Information Systems: This course addresses reflects the higher level industry interests of students knowing how technology, brought together with people and processes into systems, contributes to leveraging the creation of business value in this field. NOTE: Open only to MBA students. No credit given to MS Information Systems students. Course formerly offered as BU.310.620. Students cannot use credits for both BU. 310.620 AND BU.350.620 towards any degree or certificate requirements.
Decision Models: This course will introduce you to some of the decision modeling techniques available for analyzing business problems. Topics covered include decision analysis, nonlinear optimization, linear optimization, integer optimization, and simulation. You will become familiar with identifying problems, formulating models, solving them in a spreadsheet and then interpreting the results.
Investments: Through an in-depth study of portfolio theory and asset-pricing models, students acquire the analytical skills necessary to conduct valuations of equities, fixed-income securities, and alternative investments. This exploration leads to an understanding of the concept of portfolio management and the importance of diversification in controlling portfolio risk.
Negotiation: This course will provide students with the foundation skills needed for effective negotiation. The interactive and independent learning opportunities provided during the course are designed to help participants understand and develop a systematic approach to preparing for, structuring, and engaging in business negotiations using two core approaches. Participants will develop communication, process, and conflict handling skills needed for effective negotiation of relationships. Participants will engage in live and electronic negotiations to build their skills in employing or overcoming specific negotiation strategies and tactics. The course content includes learning opportunities designed to sharpen participants' ability to analyze negotiations from both an ethical and cultural perspective and develop approaches that facilitate cross-cultural understanding and ethical negotiation.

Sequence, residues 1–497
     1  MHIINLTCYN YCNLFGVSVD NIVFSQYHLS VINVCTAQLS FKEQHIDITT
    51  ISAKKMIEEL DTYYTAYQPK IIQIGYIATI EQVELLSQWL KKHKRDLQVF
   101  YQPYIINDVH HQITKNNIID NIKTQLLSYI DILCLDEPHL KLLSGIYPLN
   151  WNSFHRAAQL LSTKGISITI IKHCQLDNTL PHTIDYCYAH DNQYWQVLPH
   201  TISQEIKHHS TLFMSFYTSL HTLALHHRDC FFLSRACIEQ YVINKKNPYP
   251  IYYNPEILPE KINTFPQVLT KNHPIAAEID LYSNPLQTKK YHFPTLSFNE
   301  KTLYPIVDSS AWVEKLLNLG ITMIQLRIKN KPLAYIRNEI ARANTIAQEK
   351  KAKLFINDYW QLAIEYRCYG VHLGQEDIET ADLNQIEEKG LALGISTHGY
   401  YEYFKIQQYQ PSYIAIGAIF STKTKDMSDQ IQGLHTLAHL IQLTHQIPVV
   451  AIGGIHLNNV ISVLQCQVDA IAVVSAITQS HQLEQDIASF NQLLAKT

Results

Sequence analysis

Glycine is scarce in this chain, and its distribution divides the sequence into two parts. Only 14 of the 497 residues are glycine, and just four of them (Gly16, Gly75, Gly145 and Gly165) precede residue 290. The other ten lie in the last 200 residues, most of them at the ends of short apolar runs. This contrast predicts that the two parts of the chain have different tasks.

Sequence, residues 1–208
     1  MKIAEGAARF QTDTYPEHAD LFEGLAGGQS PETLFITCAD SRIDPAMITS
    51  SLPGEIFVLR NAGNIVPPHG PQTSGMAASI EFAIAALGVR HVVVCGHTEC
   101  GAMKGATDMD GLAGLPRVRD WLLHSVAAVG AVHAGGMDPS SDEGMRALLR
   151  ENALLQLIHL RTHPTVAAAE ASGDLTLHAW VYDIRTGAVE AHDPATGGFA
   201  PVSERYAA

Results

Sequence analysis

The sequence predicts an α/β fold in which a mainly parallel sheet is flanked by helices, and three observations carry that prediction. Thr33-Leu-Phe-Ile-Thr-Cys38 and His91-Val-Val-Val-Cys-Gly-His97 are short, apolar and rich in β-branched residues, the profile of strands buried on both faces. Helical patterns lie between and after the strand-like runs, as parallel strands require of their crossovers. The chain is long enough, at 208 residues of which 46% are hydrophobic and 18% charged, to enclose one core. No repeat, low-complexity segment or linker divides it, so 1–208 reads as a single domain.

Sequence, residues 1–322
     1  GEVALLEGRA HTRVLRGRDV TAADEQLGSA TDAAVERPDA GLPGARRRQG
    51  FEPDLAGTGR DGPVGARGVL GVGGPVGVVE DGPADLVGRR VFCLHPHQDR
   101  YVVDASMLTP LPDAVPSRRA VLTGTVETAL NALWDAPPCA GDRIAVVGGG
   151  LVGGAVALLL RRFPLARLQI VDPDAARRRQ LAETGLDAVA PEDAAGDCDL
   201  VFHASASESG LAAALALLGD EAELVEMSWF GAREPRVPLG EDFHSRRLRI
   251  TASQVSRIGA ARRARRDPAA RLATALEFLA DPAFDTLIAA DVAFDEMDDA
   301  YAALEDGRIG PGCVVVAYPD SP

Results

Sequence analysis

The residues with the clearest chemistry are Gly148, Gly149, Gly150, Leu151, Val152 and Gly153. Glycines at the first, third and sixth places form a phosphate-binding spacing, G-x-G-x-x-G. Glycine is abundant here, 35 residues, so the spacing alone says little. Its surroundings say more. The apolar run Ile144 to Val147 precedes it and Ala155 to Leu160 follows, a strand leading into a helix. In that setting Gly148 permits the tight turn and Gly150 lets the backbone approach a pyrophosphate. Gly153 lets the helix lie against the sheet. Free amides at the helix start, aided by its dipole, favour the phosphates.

Operations Management: The production of goods and services requires obtaining resources, transforming them into products, and then moving them through a distribution system to reach customers. We will take a process view of these value-added functions that will lead to an understanding of how to make deign choices that lead to more efficient and effective production.
Strategic Management I and II: This course is a JHU course designed specifically for students enrolled in the MBA/MA dual degree program. Similarly to The Competitive Advantage, Strategic Management emphasizes student generated, researched, and defined projects. Students work in teams with diverse membership from all three program disciplines to fully realize designs based on real world problems. Members of the CBS faculty evaluate team progress and project quality and innovation through regular presentations by student teams. The course will enable the students to gain in-depth knowledge into the analysis, formulation, and implementation of strategic plans in line with the themes of the Design Leadership curriculum. Learning and project evaluation is enhanced through a program of visiting scholars engaging students in regular discussions of student progress.
Business Law: A thorough working knowledge of the legal and regulatory environment in which businesses operate is essential for well-prepared business executives. This course provides an overview of the legal and regulatory environment affecting business in the United States and abroad. Topics include forms of business organization, contracts, torts and products liability, international business transactions, antitrust law, environmental law, securities regulation, ethics, and discrimination and employment issues. Students are expected to utilize electronic library and Internet resources to complete assignments.
Leadership in Organizations: Students examine organizational behavior and leadership from diverse perspectives focusing on the individual, group, and organization; climate and culture; industry and society, and the global environment. Experiential in design, the course draws on the organizational life of students and encourages practical application of the theories and ideas considered. High levels of participation are maintained through the use of cases, simulations, discussion, and the class itself as a temporary organization.
Finance and Capital Markets: This course is designed to introduce students to the basic, yet fundamental, issues of modern finance. The goal of the course is to provide students with the basic tools needed to successfully complete more advanced finance courses. This course deals primarily with a firm's investment and financing decisions and its interactions with the capital markets. Students develop the fundamental principles of financial valuation and analysis, which provide a solid foundation for all other finance courses. Prerequisite: BU.210.620
This page was last updated on 11/15/2016.